THE THIRD MAN: This Graham Green classic returns to theaters

The_Third_Man_1-a57e96ca832ab69f5890b6b86b14506bTHE THIRD MAN, Carol Reed’s 1949 classic is not only returning to theaters, but getting some serious tender love and care before doing so.

Rialto Pictures have announced they are giving THE THIRD MAN a 4k restoration before it comes to a theater near you. TTM will begin it’s run at New York’s Film Forum on June 26 (2-week run) and L.A.’s Nuart on July 3. Engagements in San Francisco, Washington, DC, Seattle, Philadelphia and other major markets will follow.

A rare collaboration of legendary producers Alexander Korda and David O. Selznick, THE THIRD MAN was Reed’s second teaming with novelist/screenwriter Graham Greene. An instant critical and commercial sensation, it won the Palme D’Or at Cannes, the British Film Academy’s Best British Film award, and an Academy Award for Robert Krasker’s expressionist, now iconic b&w cInematography, and was also Oscar-nominated for Best Director.Anton Karas’ haunting “Third Man Theme,” performed by the composer on a zither, was a worldwide hit.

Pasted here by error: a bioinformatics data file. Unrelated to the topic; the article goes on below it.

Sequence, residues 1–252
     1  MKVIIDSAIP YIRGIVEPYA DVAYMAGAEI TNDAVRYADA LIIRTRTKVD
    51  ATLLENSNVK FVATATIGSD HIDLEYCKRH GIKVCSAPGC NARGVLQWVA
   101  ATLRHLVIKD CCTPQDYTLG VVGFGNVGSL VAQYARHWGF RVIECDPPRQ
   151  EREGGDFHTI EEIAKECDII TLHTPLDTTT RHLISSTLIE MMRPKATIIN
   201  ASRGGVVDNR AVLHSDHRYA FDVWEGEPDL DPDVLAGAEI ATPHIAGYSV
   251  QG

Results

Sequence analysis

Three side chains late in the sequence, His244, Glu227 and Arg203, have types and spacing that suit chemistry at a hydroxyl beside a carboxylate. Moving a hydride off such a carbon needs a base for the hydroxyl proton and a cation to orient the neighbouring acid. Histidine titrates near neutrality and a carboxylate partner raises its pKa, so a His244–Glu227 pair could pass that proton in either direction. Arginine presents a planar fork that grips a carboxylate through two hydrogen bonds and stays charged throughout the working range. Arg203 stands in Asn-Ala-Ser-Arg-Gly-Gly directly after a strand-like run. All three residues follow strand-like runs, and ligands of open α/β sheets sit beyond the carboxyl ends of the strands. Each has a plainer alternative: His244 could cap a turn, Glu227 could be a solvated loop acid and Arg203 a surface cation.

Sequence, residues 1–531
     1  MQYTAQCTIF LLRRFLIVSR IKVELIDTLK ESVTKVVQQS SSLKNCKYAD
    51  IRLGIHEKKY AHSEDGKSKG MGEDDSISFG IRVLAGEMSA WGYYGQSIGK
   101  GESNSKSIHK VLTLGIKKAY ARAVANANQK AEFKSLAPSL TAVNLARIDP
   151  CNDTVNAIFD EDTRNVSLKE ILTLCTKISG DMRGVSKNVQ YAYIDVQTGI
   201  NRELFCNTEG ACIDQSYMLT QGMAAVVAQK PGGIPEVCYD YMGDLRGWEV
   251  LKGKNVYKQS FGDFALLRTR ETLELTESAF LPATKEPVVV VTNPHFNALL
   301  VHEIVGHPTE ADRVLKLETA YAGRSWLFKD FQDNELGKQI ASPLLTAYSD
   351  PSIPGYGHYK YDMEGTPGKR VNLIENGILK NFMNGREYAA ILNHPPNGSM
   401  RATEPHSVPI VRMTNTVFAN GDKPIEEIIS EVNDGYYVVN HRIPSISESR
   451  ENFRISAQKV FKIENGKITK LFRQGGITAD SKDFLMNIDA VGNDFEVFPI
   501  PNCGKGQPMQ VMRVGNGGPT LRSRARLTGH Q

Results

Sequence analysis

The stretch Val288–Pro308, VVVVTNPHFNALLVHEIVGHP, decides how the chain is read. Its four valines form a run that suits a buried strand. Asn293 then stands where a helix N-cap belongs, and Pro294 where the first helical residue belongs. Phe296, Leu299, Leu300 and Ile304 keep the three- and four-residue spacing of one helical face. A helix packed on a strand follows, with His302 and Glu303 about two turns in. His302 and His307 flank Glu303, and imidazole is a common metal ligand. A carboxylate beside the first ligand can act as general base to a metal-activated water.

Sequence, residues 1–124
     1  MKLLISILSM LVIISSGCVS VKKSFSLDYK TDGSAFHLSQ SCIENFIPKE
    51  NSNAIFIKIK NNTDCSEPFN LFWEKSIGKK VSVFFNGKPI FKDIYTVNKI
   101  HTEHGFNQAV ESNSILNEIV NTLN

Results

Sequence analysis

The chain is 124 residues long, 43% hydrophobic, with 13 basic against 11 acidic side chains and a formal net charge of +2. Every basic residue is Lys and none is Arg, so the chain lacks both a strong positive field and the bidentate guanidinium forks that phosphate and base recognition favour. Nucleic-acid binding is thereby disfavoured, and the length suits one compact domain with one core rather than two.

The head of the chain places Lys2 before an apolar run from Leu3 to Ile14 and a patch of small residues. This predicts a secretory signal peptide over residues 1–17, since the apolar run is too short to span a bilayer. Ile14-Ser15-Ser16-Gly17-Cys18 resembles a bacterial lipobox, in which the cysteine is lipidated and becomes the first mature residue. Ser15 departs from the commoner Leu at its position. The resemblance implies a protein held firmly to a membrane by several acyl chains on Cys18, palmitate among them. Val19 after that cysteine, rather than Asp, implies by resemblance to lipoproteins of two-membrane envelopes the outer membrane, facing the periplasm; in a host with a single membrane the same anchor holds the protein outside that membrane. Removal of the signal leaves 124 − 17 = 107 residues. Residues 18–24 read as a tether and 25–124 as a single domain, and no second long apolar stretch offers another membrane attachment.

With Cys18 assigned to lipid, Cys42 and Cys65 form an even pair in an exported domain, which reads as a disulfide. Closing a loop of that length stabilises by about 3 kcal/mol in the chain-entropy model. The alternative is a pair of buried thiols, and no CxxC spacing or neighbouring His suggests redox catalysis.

THE THIRD MAN remains the only movie on both the American Film Institute and British Film Institute Top 100 lists of, respectively, the greatest American and British films of all time (the Brits named it their Number One), as well as being as well as being named The Greatest Foreign Film of All Time… by the Japanese.

The award-winning team at Deluxe Restoration carried out the new 4K digital restoration of THE THIRD MAN on behalf of Studiocanal. Following rigorous comparison of different available elements, the 4K scan was done from a fine grain master positive struck from the original negative. Release prints were used as a reference for the grading.

Now I imagine that some of you are asking What does 4k mean? That is an excellent question, when I first heard of it, I had to do some searching to find a good explanation. Here is what UC: Berkly had to say:

what we see in digitally equipped movie theaters is high-definition digital cinema. It’s termed 2K, meaning a picture standard that produces an image that is 1920 x 1080 pixels or just over two million bits of information. However, there is a standard beyond 2K that is used for scanning older films called 4K, which contains about eight million bits of screen info. This same 4K standard is used for film restoration because it allows for the manipulation of picture elements at a level far superior to its general exhibition format. Occasionally, as in this series, 4K is used as an exhibition format for special screenings.

I will confess that my first viewing of this film was only a half dozen years ago, but I was blown away and have rewatched, to remind myself what great film-making looks like, a few times since. When we have more dates, we will pass them on.

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